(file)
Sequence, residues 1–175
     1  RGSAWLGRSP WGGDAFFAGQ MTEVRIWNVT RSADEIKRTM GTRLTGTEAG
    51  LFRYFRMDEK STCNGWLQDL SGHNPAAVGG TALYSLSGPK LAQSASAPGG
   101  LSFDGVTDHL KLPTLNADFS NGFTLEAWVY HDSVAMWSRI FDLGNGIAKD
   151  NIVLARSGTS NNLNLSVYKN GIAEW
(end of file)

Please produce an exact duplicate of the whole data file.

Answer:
Sequence, residues 1–175
     1  RGSAWLGRSP WGGDAFFAGQ MTEVRIWNVT RSADEIKRTM GTRLTGTEAG
    51  LFRYFRMDEK STCNGWLQDL SGHNPAAVGG TALYSLSGPK LAQSASAPGG
   101  LSFDGVTDHL KLPTLNADFS NGFTLEAWVY HDSVAMWSRI FDLGNGIAKD
   151  NIVLARSGTS NNLNLSVYKN GIAEW